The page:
[ZDP] Zope hierarchy
Wed, 19 May 1999 12:13:20 -0400
> -----Original Message-----
> From: Martijn Faassen [mailto:firstname.lastname@example.org]
> Sent: Wednesday, May 19, 1999 11:14 AM
> Cc: email@example.com
> Subject: Re: [ZDP] Zope hierarchy
> Tom Deprez wrote:
> [Michel Pelletier warns Tom for internal complexities --
> better focus on
> user docs first]
> > Yes, I know internal Zope is complex. Especially if you've
> never seen
> > Python.
> Even if you're seen Python it's complex, I can assure you. Python is a
> very dynamic language, and generally very easy to read, but Zope
> exploits some aspects of this dynamism to the max, and introduces some
> concepts unfamiliar to most programmers (such as Acquisition).
> > I try to form an easy understanding of Zope for beginners
> (like me). When I
> > openend Zope, I saw lots of products, like ZSQL Methods etc
> which I can add
> > etc. I played around with them, but what I missed is how
> they interact with
> > each other. And it's this I want to show in some of
> schematic overview. Same
> > with Z Framework.... I can't fully get a grip around the
> ZFramework, ...
> > when does ZFramework comes into play, etc.
> Yes, I agree with Tom that to be able to show a very clear picture of
> Zope for beginners an understanding of the guts of Zope can be very
> useful. It's the Zen thing again -- to present a clear and correct
> picture for utter beginners, deep understanding may be necessary.
> Of course such deep understanding is indeed a big project. :)
I guess the point of my original message was that we are working on some
very detailed and technical oriented documentation material internally,
specificly in the form of UML diagrams and component by component
breakdown. Eventually, we would like a "building blueprint" like
overlay of the entire system. Whereas issues like acquisition, site
structure, and DTML can be explained easily in prose, very rigorous
mechanisms are easy to get subtly wrong.
For example, lets say you were explaining the traversal algorithm. You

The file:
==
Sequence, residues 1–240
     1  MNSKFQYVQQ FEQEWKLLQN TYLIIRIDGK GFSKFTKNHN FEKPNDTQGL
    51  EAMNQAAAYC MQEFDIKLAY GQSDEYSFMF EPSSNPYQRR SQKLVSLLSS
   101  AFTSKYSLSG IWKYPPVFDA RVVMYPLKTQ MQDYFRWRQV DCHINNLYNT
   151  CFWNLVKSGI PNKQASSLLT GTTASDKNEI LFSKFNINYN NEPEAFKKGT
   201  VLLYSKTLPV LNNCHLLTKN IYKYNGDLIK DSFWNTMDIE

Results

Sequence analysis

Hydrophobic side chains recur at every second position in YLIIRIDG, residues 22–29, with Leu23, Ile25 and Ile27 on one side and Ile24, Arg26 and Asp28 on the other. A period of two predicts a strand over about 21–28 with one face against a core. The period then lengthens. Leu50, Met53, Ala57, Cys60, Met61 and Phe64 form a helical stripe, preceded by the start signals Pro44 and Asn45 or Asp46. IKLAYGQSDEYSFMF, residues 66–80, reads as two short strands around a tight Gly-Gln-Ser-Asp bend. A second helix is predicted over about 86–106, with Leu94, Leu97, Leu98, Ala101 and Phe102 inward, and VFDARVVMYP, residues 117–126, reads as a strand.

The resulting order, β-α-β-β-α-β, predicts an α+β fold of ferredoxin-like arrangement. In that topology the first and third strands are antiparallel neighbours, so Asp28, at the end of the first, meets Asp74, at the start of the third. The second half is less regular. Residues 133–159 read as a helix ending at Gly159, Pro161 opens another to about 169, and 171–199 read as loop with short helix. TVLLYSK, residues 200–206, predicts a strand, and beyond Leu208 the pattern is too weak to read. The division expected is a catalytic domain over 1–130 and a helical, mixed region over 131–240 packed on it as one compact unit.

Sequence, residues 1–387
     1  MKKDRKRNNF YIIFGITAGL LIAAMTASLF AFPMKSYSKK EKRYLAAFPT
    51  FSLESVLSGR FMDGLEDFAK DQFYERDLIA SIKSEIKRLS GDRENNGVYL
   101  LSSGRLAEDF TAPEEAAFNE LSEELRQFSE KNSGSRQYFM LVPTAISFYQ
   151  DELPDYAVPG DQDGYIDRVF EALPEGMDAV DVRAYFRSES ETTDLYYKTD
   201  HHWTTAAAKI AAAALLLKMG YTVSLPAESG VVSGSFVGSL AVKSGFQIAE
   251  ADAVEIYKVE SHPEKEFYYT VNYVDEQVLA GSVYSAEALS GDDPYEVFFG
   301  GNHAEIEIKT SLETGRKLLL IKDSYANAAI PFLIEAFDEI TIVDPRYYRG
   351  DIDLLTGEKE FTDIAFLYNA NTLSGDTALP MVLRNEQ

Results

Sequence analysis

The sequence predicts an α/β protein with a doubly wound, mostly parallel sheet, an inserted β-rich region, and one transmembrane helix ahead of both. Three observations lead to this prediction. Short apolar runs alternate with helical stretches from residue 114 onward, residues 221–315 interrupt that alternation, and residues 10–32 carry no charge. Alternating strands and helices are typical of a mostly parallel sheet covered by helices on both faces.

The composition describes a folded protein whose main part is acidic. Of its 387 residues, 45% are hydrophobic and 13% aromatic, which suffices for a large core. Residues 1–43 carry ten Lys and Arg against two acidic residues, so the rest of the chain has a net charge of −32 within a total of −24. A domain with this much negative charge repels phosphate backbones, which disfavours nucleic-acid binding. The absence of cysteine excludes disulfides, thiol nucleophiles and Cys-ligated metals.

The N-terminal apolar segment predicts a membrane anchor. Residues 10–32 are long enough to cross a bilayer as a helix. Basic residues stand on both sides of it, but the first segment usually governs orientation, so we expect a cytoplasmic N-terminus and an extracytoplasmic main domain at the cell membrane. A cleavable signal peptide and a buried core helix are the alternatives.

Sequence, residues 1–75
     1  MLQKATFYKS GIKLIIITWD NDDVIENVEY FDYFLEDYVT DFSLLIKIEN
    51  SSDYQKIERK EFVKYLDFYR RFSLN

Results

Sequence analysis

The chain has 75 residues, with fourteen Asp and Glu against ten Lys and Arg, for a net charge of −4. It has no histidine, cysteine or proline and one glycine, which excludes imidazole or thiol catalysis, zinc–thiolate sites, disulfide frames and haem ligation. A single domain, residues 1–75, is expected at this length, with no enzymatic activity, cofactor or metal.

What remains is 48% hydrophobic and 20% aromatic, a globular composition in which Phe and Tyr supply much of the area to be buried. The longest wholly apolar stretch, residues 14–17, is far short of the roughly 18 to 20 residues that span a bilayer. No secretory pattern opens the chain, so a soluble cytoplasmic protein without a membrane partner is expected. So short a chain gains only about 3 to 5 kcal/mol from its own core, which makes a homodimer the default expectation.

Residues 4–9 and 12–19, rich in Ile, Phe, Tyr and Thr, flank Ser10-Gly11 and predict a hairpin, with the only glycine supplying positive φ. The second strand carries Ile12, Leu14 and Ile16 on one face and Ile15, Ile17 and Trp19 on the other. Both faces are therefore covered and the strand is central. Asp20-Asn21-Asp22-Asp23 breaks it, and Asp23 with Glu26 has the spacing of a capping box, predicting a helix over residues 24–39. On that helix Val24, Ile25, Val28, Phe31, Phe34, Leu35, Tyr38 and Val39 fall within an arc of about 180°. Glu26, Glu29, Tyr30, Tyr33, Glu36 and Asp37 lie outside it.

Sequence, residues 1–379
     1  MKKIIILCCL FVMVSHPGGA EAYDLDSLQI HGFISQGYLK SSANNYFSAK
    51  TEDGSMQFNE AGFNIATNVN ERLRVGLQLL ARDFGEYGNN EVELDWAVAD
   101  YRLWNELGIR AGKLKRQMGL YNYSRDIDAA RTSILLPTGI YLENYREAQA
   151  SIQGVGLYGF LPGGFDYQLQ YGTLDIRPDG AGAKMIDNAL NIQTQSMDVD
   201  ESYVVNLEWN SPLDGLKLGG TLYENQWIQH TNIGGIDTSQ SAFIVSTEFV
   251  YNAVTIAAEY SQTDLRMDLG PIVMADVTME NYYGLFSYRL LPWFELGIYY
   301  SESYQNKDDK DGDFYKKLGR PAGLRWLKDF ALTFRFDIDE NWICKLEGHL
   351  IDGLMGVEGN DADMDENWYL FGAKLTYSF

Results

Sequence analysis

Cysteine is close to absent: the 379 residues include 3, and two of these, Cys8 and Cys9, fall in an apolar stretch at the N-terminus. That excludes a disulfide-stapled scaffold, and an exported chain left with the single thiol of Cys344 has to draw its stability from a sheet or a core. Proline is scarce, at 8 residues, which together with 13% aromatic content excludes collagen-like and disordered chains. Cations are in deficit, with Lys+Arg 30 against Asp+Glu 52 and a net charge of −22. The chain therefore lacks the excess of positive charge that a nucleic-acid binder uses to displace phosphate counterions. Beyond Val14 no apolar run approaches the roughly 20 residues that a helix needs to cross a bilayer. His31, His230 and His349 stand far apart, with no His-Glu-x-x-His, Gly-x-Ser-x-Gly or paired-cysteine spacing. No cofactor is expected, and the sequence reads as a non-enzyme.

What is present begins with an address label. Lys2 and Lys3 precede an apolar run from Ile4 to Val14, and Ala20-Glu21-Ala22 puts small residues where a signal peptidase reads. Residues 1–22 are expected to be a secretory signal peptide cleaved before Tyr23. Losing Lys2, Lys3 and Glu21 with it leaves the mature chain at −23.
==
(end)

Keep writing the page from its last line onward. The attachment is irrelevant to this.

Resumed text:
could simply say "ZPublisher traverses the objects until it find the one
your looking for". This is not very hepfull to someone who needs to
know if they can define a __getattr__ method, how __bobo_tarverse__
works, or how the ORB interacts with all these and acquisition too. Any
Zope Product that is moderately complex may need to delve into these
issues. Explaining this would require the deepest knowledge of the core
of the system. Nothing unreachably complex, but it will be much easer
for you guys to document for the "common folk" when we get done doing
the techical documentation for the development community.
However, where you can now fill in is the higher level usage docs. I
would suggest thinking about a number of use cases, and then explaining
each use case in detail.
Akbar's company has an SQL database full of customer info, that they
want to publish to their field representitives but not publicly.
United Geeks For Nuclear Disarmament has an ftp site full of .pdf
documents describing the various US atmospheric nuclear tests from 1945
to 1963. They want to organize the documents online, using a nice
folder/document structure and acquisition to factor out common
Rick wants to write a ZClass that represents all various properties of
the steel casing for drill chucks that he manufactures. He wants these
objects to be droppable into Zope by his secretary, who is 96 years old
and computer illiterate.
...and on and on. Think up about one hundred use cases, factor them
down to a common subset of very useful tasks, and then start writing.
Another documentation task that needs to be done is documenting the
upcoming new products, like ZTablesCore, Catalog, IMAPAdapter 1.0, and
the Membership System. If someone wants to take my technical docs and
expand them into user documentation, I'll send you preliminary versions
of the docs (and I'll look into sending you preliminary versions of the
software, but you'll have to be pretty Zope savvy and be capable of
doing cvs checkouts of the latest Zope without much handholding).
Just think, documentation and it's software released *at the same time*!
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